We’ve been waiting for this news for a long, long time. “Smart garments” with incorporated sensors and wireless connections have enormous potential, but to date, they have almost exclusively been designed for fitness enthusiasts. The rare exceptions are specialized (and expensive) devices for medical applications. This is in spite of tons of research about smart textiles and conductive yarns and screen-printed electronics. Well, the wait is over; this all just got real.
We first mentioned “Project Jacquard” last year. This was a collaboration between Google’s Advanced Technology and Projects (ATAP) group and Levi’s, the clothing manufacturer. Jacquard technology integrates electronics directly into the fabric. The result of the collaboration is now shipping: Levi’s Commuter Trucker Jacket. Initially available in a select few stores, it will be available online at www.levi.com starting on October 2. The jacket links wireless to your smartphone (select models of iOS or Android) and you can program your phone to respond to different gestures. Swipe or tap your left sleeve to trigger different actions, from answering an incoming call to selecting the music you want to hear. The jacket can signal you about different notifications using LED lights and discrete haptic vibrations.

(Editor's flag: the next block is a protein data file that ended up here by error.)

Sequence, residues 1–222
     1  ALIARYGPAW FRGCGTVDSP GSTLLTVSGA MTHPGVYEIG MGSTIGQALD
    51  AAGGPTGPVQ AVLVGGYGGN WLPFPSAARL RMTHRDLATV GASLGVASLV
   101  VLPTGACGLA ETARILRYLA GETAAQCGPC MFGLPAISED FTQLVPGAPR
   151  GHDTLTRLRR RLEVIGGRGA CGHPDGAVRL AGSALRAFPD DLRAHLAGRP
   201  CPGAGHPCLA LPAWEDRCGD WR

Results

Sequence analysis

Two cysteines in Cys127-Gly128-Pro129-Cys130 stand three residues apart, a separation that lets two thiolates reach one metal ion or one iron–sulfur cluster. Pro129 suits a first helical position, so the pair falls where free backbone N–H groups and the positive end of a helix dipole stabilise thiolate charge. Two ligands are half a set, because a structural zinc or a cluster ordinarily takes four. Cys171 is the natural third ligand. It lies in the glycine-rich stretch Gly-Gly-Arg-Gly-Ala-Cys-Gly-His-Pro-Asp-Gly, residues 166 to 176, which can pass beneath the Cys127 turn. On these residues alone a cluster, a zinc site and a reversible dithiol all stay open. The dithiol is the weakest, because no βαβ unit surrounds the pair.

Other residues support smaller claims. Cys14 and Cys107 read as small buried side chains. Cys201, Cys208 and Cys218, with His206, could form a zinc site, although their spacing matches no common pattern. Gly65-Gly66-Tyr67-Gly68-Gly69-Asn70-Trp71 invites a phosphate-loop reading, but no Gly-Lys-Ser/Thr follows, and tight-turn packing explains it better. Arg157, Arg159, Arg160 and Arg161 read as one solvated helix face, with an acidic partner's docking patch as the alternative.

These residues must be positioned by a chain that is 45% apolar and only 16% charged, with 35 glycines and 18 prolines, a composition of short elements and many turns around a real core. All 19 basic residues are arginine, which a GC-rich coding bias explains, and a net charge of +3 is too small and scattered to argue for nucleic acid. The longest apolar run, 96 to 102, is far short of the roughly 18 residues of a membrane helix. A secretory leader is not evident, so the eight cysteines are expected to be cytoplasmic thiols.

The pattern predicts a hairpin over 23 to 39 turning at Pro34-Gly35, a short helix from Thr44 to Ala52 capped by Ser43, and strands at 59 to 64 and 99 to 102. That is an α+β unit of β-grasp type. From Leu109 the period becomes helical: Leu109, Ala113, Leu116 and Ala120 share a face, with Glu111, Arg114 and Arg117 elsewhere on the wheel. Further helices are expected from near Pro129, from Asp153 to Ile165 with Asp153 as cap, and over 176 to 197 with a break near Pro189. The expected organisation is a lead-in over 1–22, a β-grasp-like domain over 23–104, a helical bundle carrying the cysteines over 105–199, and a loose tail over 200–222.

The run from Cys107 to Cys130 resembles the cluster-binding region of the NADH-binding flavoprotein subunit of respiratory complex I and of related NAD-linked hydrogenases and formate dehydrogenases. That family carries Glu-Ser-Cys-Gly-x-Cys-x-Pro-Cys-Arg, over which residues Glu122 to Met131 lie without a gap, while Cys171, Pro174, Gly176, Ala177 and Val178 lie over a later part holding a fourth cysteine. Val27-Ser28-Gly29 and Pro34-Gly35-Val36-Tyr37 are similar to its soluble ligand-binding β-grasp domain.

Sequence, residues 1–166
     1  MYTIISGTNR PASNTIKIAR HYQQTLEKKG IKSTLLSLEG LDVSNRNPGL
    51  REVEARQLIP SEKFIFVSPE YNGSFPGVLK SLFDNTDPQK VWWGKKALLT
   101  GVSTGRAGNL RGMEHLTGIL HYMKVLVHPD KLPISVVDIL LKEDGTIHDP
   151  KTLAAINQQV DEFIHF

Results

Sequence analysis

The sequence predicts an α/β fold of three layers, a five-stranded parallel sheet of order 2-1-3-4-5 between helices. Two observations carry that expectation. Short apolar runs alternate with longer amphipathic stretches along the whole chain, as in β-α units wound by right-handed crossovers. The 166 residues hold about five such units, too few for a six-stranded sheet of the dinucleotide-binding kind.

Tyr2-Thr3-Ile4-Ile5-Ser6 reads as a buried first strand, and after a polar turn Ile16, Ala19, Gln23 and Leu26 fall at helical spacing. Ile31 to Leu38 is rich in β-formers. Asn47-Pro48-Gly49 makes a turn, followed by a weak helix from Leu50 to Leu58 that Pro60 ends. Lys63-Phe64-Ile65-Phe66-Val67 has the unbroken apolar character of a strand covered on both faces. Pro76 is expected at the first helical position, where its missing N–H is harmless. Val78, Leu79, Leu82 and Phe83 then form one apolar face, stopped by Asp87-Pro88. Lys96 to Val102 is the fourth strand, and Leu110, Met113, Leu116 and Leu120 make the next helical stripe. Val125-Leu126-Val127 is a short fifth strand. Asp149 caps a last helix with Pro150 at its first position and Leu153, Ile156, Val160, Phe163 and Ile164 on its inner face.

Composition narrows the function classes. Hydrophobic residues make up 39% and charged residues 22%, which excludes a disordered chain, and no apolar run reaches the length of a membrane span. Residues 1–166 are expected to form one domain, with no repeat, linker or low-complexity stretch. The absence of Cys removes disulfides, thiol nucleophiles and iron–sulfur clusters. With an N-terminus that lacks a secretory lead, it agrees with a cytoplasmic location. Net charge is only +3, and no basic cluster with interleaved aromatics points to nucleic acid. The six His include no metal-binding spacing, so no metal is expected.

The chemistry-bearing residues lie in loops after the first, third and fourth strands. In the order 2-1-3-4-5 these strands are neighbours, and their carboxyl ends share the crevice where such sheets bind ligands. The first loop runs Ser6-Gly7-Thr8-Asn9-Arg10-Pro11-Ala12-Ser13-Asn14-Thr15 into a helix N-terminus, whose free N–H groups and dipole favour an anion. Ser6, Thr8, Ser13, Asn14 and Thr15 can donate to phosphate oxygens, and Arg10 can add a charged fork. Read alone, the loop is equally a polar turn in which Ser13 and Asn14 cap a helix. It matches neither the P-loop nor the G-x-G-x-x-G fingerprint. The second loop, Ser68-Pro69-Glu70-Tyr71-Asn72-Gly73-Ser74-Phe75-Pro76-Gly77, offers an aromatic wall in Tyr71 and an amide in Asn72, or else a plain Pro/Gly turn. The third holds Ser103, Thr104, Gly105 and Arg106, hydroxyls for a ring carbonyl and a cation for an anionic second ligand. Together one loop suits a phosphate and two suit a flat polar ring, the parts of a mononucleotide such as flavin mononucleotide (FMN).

The jacket is washable (once you remove a snap-on controller) and retails at $350. The big news is that this is just a bellwether. It demonstrates that conductive fabric can be used to provide an interactive interface for users, and can be produced on a commercial scale. This should open the door for a broad variety of adaptive and mobile devices designed for many applications, including healthcare.